How to use your first business to launch your second

1. Being on the front line

In my experience, most breakthroughs come from being on the front line, and that means engaging with customers, being hands-on with your clients, establishing a firm connection with them and understanding their needs. Use your daily experiences to constantly refine how you operate as a business to provide better service to your stakeholders. That specific accumulated knowledge will help you when looking to dive into a new venture.

2. Keep an ear to the ground and an eye on the horizon

Keep an eye out for any major changes in the field you’re in. If you live and breathe your industry then you’ll have a head start both time-wise and knowledge-wise. You will be in an excellent position to capitalise on any opportunities that changes in the industry will inevitably bring. Don’t be afraid to ask your clients questions, and always be prepared to hear the answers. It may sound obvious but do not fall into the trap of fitting the client to the process rather than the process to the client.

3. Seeing the gap in the market

You may soon realise that there is a different market or distinct need that your existing business model is fundamentally unable to address. It took thousands of customers coming through the doors of my business Private Fleet for us to realise potential clients left with unmet needs. After gathering all the data, receiving feedback and measuring outcomes, we identified an opportunity in a gap in the market, and Price My Car was launched.

4. Kick it off with capital

Hopefully, with one successful business in your pocket, you’ve seen some sort of financial reward which could help fund the new venture. Every business needs capital – normally a lot more than you initially forecast – and don’t be afraid to partly fund this with your previous success. Put aside a war chest from your established business for when you are ready to launch a new endeavour.

5. The grass is not greener

Don’t get carried away with one business success and jump into a whole new industry. Sure, some things you’ve learned may be transferable, but you will greatly benefit from remaining broadly in the same field. You can use all your accumulated knowledge to real advantage. And, all industries have particular quirks (and pitfalls) that you may be blissfully unaware of until you have already committed.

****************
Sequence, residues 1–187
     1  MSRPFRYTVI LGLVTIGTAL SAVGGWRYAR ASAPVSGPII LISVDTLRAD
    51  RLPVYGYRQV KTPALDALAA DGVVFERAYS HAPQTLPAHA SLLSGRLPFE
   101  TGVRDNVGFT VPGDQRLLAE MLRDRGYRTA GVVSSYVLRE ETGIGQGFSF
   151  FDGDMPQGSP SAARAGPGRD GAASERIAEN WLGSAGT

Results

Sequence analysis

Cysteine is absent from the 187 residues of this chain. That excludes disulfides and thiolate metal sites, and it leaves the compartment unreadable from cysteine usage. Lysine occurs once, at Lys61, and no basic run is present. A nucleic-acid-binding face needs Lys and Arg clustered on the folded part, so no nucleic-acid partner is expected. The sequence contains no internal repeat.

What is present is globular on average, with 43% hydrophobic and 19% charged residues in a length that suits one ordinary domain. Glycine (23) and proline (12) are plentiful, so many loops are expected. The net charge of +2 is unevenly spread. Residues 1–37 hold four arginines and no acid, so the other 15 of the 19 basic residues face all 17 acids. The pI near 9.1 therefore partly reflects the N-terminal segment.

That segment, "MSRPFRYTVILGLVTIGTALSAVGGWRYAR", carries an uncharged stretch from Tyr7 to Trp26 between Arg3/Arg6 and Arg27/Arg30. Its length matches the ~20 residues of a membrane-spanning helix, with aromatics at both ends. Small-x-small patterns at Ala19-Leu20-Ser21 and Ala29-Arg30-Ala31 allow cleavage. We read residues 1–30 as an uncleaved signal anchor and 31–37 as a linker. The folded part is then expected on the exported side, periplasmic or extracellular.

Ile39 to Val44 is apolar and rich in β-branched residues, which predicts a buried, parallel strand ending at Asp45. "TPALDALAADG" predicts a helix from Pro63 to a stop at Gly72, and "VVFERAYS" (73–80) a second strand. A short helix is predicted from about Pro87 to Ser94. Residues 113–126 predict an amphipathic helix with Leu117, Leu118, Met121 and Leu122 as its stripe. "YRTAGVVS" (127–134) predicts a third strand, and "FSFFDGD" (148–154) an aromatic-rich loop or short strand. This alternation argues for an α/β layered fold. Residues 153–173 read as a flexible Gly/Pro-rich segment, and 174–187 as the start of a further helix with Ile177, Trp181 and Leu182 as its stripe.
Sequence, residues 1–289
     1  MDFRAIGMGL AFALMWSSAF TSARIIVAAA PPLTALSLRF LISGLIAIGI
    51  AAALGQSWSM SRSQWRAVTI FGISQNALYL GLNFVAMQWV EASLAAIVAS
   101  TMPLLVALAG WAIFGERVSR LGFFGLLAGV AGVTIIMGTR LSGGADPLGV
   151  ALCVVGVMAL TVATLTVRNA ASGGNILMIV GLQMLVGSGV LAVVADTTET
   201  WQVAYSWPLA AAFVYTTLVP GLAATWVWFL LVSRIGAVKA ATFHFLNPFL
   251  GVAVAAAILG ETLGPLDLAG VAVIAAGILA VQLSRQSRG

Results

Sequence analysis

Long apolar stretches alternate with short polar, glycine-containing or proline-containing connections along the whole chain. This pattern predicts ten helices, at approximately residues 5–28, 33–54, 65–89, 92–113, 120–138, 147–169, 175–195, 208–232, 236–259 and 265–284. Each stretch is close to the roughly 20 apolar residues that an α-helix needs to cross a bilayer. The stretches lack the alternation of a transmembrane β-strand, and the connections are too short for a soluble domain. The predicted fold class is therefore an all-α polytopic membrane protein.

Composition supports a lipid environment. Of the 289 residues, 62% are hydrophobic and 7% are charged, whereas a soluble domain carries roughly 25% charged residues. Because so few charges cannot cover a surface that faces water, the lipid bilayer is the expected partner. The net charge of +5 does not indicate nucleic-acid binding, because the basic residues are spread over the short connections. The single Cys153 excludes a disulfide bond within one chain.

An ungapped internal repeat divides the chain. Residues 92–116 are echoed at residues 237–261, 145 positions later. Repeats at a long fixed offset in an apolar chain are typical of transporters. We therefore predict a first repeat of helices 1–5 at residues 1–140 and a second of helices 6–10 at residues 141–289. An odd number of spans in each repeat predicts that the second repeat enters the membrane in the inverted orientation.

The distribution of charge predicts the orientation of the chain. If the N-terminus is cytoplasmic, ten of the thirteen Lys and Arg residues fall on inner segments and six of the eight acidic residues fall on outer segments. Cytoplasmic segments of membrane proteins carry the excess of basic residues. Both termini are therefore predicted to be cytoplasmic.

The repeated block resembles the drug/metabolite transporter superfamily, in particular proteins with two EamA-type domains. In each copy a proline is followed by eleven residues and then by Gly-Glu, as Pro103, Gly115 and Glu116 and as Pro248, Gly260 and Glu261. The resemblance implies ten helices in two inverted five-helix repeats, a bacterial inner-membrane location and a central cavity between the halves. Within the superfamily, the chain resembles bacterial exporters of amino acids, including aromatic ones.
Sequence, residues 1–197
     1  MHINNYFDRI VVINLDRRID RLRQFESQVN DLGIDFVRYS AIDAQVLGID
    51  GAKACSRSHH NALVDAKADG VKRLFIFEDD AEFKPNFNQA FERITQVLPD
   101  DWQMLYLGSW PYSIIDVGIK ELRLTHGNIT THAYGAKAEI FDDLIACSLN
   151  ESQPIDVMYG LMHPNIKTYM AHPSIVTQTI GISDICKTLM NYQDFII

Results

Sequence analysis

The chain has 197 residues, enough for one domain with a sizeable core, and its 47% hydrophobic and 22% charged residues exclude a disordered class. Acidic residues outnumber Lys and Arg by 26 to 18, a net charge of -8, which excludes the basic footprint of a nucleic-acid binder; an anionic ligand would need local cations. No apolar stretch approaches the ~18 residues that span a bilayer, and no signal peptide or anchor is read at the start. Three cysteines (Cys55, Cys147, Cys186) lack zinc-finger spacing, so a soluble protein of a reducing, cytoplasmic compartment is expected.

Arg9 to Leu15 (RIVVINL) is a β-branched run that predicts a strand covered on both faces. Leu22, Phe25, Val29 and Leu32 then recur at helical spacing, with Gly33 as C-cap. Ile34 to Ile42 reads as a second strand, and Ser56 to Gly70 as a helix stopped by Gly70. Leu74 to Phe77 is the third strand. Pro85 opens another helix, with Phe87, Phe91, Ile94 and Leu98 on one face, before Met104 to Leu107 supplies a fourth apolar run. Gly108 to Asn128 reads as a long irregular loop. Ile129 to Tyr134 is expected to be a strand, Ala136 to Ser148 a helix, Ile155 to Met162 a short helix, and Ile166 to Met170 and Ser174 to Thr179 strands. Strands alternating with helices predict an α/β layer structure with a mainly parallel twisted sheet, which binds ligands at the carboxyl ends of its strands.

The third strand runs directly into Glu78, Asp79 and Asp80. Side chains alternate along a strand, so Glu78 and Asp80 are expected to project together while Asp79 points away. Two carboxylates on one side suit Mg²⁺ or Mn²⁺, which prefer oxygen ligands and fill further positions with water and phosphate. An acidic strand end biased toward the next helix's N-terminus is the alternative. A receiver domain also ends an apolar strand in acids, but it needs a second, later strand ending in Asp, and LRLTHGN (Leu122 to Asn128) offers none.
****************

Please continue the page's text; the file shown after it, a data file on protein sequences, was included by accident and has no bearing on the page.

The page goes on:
6. Don’t pinch your own people

Experience and knowledge absolutely should be transferrable from one established business to the next, but be careful of other assets such as your staff. Whilst it might be tempting to transfer your top, trusted staff members in order to be assured of new success, that may be at the expense of your first company. Even worse, you risk losing a happy, settled and successful employee if they do not find enjoyment in the new role. Best to start the recruitment process now!

7. Don’t carry yourself

It could make sense to share some resources like office space and website hosting, but be wary that sharing costs may disguise the true performance of each business. If one business is “carrying” the other, you need to know. If you are using one to prop up the other, both will fall down. Make smart choices with your backend processes and overheads, but keep across what this means when measuring your own success.

David Lye, Founder,

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